When’s the last time you paid attention to the end credits after watching a film? They roll on and on, listing obscure positions like second assistant camera, gaffer, key grip, clapper loader (these are real jobs, I promise). The amount of different people that make up a film or television crew can be enormous. To give you an idea: for a big-budget Hollywood film like Iron Man 3 ($200 million), there were 3,310 crew members credited. That’s a lot of people and a lot of moving parts to keep organized, especially under tight deadlines and, for smaller productions, tight budgets.

In order to help pull all of these people and processes together, there are a bunch of SaaS companies dedicated to production management, such as Shotgun, Gorilla, Scenios, and Setkick, to name a few.

Dramatify, a startup out of Stockholm, is also breaking into the production management space with a browser-based app that provides a more centralized and complete solution than any of its competitors. Two weeks ago, Dramatify moved into beta with a handful of new features that aim to strengthen their competitive edge.

Claiming to help production companies, “Save time, effort and a whole lot of trees,” Dramatify eliminates some of the financially and environmentally wasteful practices still popular among film sets–like printing out thick scripts and daily call sheets (they note that the average American film still budgets thousands of dollars just for copying paper).

They also provide important logistic support for production teams. One extremely simple but invaluable service for a big production crew is the ‘Team List,’ a list of all of the film’s contacts that allows users to call, text, and email directly from the app. For some tasks, calling and emailing might not be the most effective way to reach all of the necessary people. So Dramatify also has a Newsfeed that allows users to communicate with individuals, groups, or the entire team. The Newsfeed makes it easy to keep track of conversations because they’re all in one place, rather than scattered throughout an email inbox. Some of the more production-specific features of the service allow users to collaborate on AV scripts, import screenplays, and plan and distribute interactive call sheets.

One of the big improvements with the beta release is the series functionality, which allows users to work on an unlimited number of episodes. For production teams creating sitcoms, mini-series, talk shows, or any other format with recurrent episodes, all of the episodes’ information can be organized and stored in one place.

In Sweden, there are already a few notable productions using the service. Filmlance–one of the largest independent production companies in the country–is using Dramatify for the second season of The Sandhamn Murders (Morden i Sandhamn), as well as the two upcoming Beck films. And Dramatify has gotten international attention as well, attracting the interest of producers from 25 different countries.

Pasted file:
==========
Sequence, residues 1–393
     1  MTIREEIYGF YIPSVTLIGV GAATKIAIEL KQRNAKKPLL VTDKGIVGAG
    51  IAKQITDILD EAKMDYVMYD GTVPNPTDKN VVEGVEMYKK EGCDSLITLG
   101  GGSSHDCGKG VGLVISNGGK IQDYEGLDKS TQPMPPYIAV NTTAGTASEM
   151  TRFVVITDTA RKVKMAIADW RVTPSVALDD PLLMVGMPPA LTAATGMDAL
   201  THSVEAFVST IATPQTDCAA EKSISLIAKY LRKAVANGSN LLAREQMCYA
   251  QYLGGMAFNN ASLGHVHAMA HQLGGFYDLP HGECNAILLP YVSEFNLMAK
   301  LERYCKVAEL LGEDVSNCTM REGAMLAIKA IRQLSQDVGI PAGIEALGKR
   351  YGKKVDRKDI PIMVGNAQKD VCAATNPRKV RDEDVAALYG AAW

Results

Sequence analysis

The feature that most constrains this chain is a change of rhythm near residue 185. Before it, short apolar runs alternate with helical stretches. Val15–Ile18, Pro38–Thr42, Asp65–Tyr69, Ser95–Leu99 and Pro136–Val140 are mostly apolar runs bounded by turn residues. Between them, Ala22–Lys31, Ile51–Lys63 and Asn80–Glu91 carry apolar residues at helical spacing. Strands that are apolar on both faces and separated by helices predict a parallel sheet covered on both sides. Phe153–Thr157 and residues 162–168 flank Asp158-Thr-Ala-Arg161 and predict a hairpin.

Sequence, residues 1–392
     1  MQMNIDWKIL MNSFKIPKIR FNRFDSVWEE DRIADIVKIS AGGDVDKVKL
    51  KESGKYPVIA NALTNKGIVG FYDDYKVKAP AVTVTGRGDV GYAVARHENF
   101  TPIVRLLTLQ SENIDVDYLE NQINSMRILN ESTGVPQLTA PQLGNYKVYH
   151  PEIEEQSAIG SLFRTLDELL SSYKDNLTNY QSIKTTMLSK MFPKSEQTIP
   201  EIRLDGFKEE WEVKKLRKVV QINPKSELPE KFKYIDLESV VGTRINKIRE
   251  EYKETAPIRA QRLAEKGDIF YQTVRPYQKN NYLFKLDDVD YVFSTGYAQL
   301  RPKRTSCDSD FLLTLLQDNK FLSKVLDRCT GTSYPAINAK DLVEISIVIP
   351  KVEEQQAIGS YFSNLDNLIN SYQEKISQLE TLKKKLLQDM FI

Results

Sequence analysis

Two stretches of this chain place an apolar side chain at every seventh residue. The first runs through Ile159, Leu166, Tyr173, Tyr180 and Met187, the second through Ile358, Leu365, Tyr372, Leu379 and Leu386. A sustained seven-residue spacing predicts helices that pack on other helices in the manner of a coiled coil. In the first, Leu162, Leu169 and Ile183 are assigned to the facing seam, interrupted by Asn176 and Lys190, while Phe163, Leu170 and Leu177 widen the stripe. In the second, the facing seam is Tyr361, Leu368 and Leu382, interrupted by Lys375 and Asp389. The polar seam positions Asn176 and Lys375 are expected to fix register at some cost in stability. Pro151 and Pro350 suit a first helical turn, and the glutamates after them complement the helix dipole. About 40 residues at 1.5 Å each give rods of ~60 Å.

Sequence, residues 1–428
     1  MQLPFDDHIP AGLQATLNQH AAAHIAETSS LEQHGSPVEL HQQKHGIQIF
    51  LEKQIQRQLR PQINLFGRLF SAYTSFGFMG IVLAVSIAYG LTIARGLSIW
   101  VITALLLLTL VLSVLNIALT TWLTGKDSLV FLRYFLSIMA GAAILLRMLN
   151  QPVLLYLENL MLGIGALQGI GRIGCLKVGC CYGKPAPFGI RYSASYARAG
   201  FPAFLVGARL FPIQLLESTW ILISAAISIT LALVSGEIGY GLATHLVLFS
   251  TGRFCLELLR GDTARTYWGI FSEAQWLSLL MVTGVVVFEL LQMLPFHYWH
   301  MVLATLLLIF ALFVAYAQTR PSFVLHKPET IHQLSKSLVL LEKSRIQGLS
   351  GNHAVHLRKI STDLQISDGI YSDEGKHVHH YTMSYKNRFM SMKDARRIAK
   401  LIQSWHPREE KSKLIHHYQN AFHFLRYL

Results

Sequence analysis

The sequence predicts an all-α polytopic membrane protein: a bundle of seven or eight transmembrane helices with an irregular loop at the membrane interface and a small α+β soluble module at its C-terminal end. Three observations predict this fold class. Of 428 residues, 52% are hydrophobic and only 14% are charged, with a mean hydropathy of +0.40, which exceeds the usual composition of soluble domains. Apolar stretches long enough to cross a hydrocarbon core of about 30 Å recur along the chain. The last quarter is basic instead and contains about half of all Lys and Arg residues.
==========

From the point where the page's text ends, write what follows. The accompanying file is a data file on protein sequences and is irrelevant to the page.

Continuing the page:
Noting the global appeal of their product, Annika Lidne, Dramatify’s CEO and Co-Founder, says, “Currently our most enthusiastic markets are Canada, the UK, Australia, Latin America, South Africa, Italy, and the Netherlands.” Hollywood tends to move at its own pace, and when asked about the potential of breaking into the US film industry, Lidne noted, “Hollywood will take years to change anything, regardless of the supplier.”

The service is free to use until the end of 2014. At the beginning of next year, there will be a subscription fee that varies depending on team size. By scaling the pricing according to team size, Dramatify remains affordable for small teams with tight budgets. During pre-production the service will be 30-40 USD for three people to use, then increase to around 1,000 USD/month for a team of 100-200 people. For companies producing series with multiple episodes, the pricing increases.

While there are plenty of other companies competing in this space, Dramatify stands apart in two ways: by providing a comprehensive solution, and by addressing the needs of multiple markets. Lidne explains, “We encompass the entire team, from executive producer to drivers and caterers on any device, including Blackberry and Windows Phone. This is important in markets like Latin America, South Africa and Eastern Europe.”

As Dramatify makes its way into production studios across the globe, who knows – maybe your favorite TV series of 2016 will be managed and organized using their service.

Ben Norris is the Founder / CEO of The Peddle, a Helsinki-based company that provides native English language services to startups across the Nordic and Baltic regions. He moonlights as a contributor to ArcticStartup.